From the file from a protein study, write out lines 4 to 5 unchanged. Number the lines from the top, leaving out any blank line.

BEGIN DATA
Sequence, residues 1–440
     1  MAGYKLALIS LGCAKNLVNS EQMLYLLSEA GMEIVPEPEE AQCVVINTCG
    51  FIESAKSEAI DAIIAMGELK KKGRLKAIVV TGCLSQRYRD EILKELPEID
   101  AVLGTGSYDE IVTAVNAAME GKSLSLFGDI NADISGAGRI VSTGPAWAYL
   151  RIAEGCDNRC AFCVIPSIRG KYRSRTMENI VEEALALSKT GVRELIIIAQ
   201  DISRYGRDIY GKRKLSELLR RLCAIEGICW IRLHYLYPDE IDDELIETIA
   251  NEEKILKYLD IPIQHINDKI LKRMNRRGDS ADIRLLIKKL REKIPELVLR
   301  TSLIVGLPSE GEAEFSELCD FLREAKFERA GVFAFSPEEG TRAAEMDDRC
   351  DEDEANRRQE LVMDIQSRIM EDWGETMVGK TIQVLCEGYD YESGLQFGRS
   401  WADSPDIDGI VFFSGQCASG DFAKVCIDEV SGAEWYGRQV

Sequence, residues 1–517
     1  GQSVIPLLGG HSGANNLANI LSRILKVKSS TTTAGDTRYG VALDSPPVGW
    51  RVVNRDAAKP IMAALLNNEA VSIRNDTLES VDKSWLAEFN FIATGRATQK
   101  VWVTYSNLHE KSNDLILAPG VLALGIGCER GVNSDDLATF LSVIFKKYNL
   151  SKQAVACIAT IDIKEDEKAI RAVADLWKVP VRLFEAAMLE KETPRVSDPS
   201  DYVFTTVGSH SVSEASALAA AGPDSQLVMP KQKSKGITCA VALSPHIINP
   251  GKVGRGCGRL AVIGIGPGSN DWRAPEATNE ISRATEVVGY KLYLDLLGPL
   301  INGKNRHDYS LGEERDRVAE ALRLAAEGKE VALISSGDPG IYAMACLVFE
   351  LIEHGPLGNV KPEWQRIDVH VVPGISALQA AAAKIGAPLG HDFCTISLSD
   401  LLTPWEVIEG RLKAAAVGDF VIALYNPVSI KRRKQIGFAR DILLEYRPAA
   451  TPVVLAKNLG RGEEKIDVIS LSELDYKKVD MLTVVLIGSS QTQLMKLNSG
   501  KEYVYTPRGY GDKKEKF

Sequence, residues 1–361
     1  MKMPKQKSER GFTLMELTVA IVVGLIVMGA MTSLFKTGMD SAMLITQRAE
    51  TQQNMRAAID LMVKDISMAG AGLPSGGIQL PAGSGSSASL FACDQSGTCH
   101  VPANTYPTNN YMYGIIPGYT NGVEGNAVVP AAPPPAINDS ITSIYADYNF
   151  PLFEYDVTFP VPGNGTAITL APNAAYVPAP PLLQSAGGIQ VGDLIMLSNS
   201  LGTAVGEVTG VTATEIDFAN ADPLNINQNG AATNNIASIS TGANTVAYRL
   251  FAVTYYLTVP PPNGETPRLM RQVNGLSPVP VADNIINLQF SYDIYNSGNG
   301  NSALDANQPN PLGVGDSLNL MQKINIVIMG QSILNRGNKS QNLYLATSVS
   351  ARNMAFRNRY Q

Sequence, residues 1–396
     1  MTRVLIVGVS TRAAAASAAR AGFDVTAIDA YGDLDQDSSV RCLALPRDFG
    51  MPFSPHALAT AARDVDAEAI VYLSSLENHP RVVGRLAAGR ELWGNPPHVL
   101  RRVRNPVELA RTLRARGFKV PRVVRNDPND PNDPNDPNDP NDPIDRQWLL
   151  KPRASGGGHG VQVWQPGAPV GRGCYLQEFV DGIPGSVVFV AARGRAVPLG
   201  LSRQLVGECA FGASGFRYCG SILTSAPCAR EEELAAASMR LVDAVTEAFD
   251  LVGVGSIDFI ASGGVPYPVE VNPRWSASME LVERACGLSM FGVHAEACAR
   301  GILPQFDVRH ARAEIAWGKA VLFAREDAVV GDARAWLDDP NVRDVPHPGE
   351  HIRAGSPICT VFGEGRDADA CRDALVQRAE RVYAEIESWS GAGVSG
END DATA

   101  AVLGTGSYDE IVTAVNAAME GKSLSLFGDI NADISGAGRI VSTGPAWAYL
   151  RIAEGCDNRC AFCVIPSIRG KYRSRTMENI VEEALALSKT GVRELIIIAQ